Cohen, Robin, Leis, Anne M., Kuhl, David, Charbonneau, Cécile, Ritvo, Paul et Ashbury, Fredrick D. 2006. «QOLLTI-F: Measuring Family Carer Quality of Life ». Palliative Medicine, vol. 20, no 8, p. 755-767.
Intentions : « The purpose of this article is to report the results of a multimethod study conducted over three phases to design a psychometrically and conceptually valid instrument to measure the QOL of carers of cancer patients receiving palliative care. » (p. 756)
Échantillon/Matériau : « Participants were carers from 12 Canadian palliative care services who were asked to complete QOLLTI-F on three occasions. » (p. 755) « A total of 245 carers completed QOLLTI-F + the two global items. One hundred and forty-nine carers completed the questionnaires on all three occasions, 51 completed them twice and 45 completed them only once. A total of 594 questionnaires were completed. » (p. 761)
Instruments : Le QOLLTI-F (Quality of Life in Life Threatening Illness - Family Carer Version)
Type de traitement des données : Analyse de contenu et analyse statistique
« The primary goal of palliative care is to optimize the quality of life (QOL) of people living with a life-threatening illness and that of their families. While there have been important advances in measurement of the QOL of palliative care patients, little attention has been paid to the QOL of their carers (family caregivers). To develop and deliver the most effective services to these carers, their QOL needs to be measured with acceptable and psychometrically sound instruments that have content validity. [...] This study reports three phases of the development and testing of such a measure: QOLLTI-F, Quality of Life in Life Threatening Illness - Family Carer Version, simultaneously in English and French. [...] QOLLTI-F is unique in that in measuring one person’s QOL (the carer’s) it includes their perception of the condition of another (the patient). This attests to the close relationship between the two. It is also unique in that its content is derived from a qualitative study asking carers what is important to their own QOL, rather than focusing on the changes or burdens related to caregiving. QOLLTI-F also has the advantage of being briefer than other carer QOL measures. It contains measures of seven different domains that are determinants of carer QOL, in addition to a summary score. All these measures are valid, reliable and responsive to change in QOL. » (p. 755)
Parental Perspectives on Hospital Staff Members’ Acts of Kindness and Commemoration after a Child’s Death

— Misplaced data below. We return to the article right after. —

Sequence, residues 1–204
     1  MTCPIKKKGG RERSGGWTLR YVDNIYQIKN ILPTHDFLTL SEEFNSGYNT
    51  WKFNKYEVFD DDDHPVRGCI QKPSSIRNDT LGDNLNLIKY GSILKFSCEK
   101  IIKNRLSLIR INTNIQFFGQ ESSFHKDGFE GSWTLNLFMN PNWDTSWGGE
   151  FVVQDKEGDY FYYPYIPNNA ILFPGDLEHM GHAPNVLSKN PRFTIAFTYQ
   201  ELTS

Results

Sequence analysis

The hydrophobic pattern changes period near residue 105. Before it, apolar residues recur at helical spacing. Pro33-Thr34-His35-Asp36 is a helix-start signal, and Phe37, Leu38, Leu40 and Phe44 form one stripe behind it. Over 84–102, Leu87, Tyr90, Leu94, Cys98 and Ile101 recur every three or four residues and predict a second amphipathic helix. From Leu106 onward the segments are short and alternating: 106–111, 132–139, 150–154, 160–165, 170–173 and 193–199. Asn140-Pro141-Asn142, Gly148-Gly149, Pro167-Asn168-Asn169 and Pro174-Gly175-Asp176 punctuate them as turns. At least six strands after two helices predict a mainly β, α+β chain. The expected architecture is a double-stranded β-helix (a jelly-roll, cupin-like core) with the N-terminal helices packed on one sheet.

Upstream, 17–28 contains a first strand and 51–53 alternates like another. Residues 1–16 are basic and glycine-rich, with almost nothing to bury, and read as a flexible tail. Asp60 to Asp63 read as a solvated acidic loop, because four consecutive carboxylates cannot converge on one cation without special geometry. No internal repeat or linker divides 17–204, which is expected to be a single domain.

Référence bibliographique 
Macdonald, Mary Ellen, Liben, Stephen, Carnevale, Franco A., Rennick, Janet E., Wolf, Susan L., Meloche, Donald et Cohen, Robin. 2005. «Parental Perspectives on Hospital Staff Members’ Acts of Kindness and Commemoration after a Child’s Death ». Pediatrics, vol. 116, no 4, p. 884-890.
Intentions : « Acts of kindness and commemoration by staff members often follow the death of a patient. Acts include attending funerals, sending sympathy cards, sending cards on birthdays/anniversaries, telephoning/visiting family homes, and attending memorial services. This study explores the significance of these acts for bereaved parents. » (p. 287)
Échantillon/Matériau : « Twelve parents whose children died in the ICU of a tertiary care pediatric hospital were interviewed, to explore their experiences of the death. » (p. 287)
Instruments : « A semistructured interview guide was then created with the intention of eliciting family experiences of the illness and subsequent death of the child. » (p. 885)
Types de traitement des données : Analyse de contenu
« Three themes emerged regarding parental experiences of staff members’ acts, ie, (1) parents placed great importance on the hospital’s memorial service and on staff members’ presence at the service; (2) parents found it difficult to return to the hospital after the child’s death but all attended the memorial service, finding some closure in the return; and (3) parents appreciated receiving cards and greatly valued staff members’ efforts to telephone/visit and to attend the funeral. Months later, parents remembered positively which staff members engaged in which activities. Conversely, parents expressed disappointment when staff members did not engage in these activities and/or were absent from memorial/funeral services. […] Efforts to support families and to commemorate deceased children are appreciated by bereaved parents. Staff members’ absences at commemorative events and a lack of supportive acts are noticed and regretted by families. Staff members and program administrators should attempt to arrange workloads to ensure meaningful contact between staff members and parents during the bereavement period. » (p. 287)